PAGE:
Many Americans welcomed and were excited by the Arab Spring, including when Egyptians began protesting against an authoritarian ruler. Despite the dismal history of revolutions, Americans love the idea of them. I suspect this is largely due to the fact that the United States was established through a revolution, and partially due to the romantic way revolutionaries are portrayed in films and in literature. But the United States is one of the few examples of a revolution not devolving into a power vacuum of chaos and bloodshed and then greater authoritarianism. Dr. Billington, the Soviet expert, historian and former Librarian of Congress wrote of revolutions and the ideology that spurs them:
“The heart of revolutionary faith, like any faith, is fire: ordinary material transformed into extraordinary form, quantities of warmth suddenly changing the quality of substance. If we do not know what fire is, we know what it does. It burns. It destroys life; but it also supports it as a source of heat, light, and—above all—fascination.”
The Arab spring began with fire, literally, and continues to be a source of fascination. After the Tunisian Mohamed Bouazizi set himself on fire in a street to protest police cruelty and government corruption, several Egyptians followed suit, as did demonstrators in Mauritania and Algeria. In Egypt, at least in the U.S. media, the protestor’s motivations seemed clear at first—they wanted Mubarak out. But then the point of the protests became murkier— what did they want after Mubarak was gone? Did they want western-style democracy? Freedom? Greater economic opportunity? Something else? After the overthrow of Mubarak, the media began reporting that the military turned on the protestors. Some were rounded up, arrested, and tortured. The revolution that seemed so inspiring to Americans suddenly became very confusing. It became even more mystifying to many in the West who watched when Morsi, of the secretive Muslim Brotherhood, was elected into power.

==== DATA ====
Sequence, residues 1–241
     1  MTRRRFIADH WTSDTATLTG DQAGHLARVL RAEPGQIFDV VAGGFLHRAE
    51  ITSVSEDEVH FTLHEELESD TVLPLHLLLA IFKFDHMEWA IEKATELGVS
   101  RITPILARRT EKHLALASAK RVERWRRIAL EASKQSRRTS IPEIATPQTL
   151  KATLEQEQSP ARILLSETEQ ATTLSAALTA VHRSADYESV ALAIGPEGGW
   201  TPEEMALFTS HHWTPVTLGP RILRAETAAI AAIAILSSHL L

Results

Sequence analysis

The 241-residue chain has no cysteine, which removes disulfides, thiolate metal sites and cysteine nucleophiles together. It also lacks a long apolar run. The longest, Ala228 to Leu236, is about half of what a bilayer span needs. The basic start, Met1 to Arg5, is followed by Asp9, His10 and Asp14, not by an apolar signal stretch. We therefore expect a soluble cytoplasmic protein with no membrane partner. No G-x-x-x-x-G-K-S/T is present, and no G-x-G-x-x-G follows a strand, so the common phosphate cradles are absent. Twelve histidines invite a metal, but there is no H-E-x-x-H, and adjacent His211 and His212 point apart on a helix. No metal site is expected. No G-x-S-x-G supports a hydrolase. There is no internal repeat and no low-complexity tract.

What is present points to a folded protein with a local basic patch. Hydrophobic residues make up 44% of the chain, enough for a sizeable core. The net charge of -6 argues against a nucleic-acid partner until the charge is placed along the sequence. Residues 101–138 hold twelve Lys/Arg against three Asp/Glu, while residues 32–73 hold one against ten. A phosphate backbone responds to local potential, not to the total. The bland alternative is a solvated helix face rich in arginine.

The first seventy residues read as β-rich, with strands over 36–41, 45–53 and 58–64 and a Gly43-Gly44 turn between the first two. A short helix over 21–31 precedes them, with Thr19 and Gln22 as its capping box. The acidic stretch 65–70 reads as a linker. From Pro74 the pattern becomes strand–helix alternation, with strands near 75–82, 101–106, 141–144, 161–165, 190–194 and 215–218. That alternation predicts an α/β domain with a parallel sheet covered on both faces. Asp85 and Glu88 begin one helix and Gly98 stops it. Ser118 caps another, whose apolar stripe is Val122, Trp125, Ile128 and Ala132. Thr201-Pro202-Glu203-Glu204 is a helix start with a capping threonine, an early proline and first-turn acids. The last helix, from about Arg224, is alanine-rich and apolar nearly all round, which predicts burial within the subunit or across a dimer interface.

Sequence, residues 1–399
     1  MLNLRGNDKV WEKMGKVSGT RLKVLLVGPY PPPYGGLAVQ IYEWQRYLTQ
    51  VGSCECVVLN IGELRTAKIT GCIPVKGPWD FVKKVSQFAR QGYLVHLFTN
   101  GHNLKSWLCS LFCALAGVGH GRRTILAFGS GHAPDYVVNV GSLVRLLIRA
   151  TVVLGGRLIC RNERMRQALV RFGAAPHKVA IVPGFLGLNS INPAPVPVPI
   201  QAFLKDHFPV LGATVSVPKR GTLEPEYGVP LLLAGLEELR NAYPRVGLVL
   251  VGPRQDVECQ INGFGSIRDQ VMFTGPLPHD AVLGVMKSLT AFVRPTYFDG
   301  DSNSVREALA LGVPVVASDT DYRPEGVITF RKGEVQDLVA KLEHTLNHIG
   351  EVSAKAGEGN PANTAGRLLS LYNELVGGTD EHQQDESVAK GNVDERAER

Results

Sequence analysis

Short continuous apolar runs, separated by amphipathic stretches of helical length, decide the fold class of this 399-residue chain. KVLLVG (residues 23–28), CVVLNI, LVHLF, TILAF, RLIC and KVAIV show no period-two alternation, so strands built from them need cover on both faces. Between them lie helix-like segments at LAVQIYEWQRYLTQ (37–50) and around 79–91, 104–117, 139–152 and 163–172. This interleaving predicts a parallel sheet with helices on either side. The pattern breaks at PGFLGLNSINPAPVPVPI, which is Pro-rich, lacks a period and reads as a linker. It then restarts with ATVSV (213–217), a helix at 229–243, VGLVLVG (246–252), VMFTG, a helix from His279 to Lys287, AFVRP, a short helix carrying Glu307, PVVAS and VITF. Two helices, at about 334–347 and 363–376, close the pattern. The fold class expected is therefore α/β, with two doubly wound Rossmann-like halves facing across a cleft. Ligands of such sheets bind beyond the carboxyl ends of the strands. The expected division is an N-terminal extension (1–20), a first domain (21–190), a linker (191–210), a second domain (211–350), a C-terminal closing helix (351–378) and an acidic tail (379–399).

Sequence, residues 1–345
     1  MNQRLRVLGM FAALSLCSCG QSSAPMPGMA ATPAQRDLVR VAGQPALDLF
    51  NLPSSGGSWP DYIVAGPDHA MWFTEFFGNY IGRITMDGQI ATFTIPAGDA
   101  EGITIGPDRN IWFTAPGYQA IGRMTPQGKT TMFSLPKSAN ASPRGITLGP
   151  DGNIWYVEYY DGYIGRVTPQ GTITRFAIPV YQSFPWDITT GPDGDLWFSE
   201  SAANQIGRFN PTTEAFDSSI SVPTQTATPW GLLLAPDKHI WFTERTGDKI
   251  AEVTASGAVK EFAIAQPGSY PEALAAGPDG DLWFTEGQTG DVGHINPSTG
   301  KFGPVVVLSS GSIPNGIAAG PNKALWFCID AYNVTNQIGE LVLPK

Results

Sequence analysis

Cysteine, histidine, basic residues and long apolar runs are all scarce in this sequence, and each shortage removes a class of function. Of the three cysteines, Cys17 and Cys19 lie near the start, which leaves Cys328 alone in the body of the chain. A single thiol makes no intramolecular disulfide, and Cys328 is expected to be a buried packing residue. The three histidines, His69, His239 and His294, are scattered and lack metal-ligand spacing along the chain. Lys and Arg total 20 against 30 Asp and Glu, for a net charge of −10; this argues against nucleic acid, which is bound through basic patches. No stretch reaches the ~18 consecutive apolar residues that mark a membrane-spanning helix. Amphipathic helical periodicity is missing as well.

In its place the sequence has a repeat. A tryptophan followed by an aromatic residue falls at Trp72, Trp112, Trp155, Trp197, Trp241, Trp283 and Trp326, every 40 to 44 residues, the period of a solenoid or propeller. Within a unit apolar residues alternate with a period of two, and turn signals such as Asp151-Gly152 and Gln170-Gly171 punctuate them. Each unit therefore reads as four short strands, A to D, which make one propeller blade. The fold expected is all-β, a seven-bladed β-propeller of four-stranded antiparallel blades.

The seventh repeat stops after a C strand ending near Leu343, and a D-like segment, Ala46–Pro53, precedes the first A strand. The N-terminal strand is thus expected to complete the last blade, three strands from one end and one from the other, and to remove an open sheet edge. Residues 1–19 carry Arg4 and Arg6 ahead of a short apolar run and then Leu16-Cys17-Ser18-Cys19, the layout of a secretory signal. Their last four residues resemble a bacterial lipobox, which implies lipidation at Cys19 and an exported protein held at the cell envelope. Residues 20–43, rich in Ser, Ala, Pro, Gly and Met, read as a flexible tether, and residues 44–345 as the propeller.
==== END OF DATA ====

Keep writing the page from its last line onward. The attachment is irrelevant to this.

By 2013, when Morsi was overthrown, I was still emailing with my friends about what was happening in Egypt, using familiar data points found in the media or economic reports, but having no actual context for understanding the events. None of us were clear on what, with all their different protests, Egyptians wanted.
Three years later, after ten days in Egypt, some of the darker pieces of what I knew about Egypt have now been filled-in with actual experiences, context, and with many other, brighter, data points:
I now know of the most famous actor in Egypt, and have heard him laugh in person. I know what Coptic Christians do with their leisure time, and what some of them value most. I know what a MENA city of 20 million people looks like. I know how a Muslim prayer shawl is worn. I also know that there is such a thing as a “Supreme Council of Culture”. I know that some women in Egypt choose to wear veils against their father’s wishes, yet also believe in women’s empowerment and reject the notion that to be devout women must be considered inferior to men. I know that you can go out at night in Cairo, as long as you have a throng of tall, protective, considerate young men looking out for you. I know that French fries in a falafel is an actual meal item. I know that there are some unbelievably large Russian men working on the Suez Canal, and that the towns surrounding it are peaceful and pretty. I now know that shisha is something you are supposed to inhale, and that beautiful veiled Muslim women enjoy it. I know how men and women typically get engaged to be married in the Middle East. I now know conspiracy theories pervade the public conversation about government, the world, and public life, and I have a better idea of why they are believed and sustained. I know that to many in Egypt, the Muslim Brotherhood’s rule of Egypt was an existential threat. To others, their treatment by the military in Rabaa was a grave tragedy and abuse of power, though perhaps only referred to obliquely. I know that the Minister of Tourism is incapable of answering a direct question. I know that Egypt’s military controls too much of its economy, and the country’s current political organization might possibly offer a Middle Eastern version of China’s economic “opening up” combined with social repression. I also know that the military prides itself on the fact that it is trying to improve human rights and democratic rule in the country. I know that the Egypt’s Jewish neighborhood does not have any Jewish people in it, but it does have lively people who handed me a beautiful baby to hold while taking pictures. I (sort of) now know how to do a Middle Eastern dance. Most importantly, however, I now know that there are 11 people in Egypt who are extraordinary. And because of them the ominous information that created my entire picture of Egypt since 2005, has been completely transformed.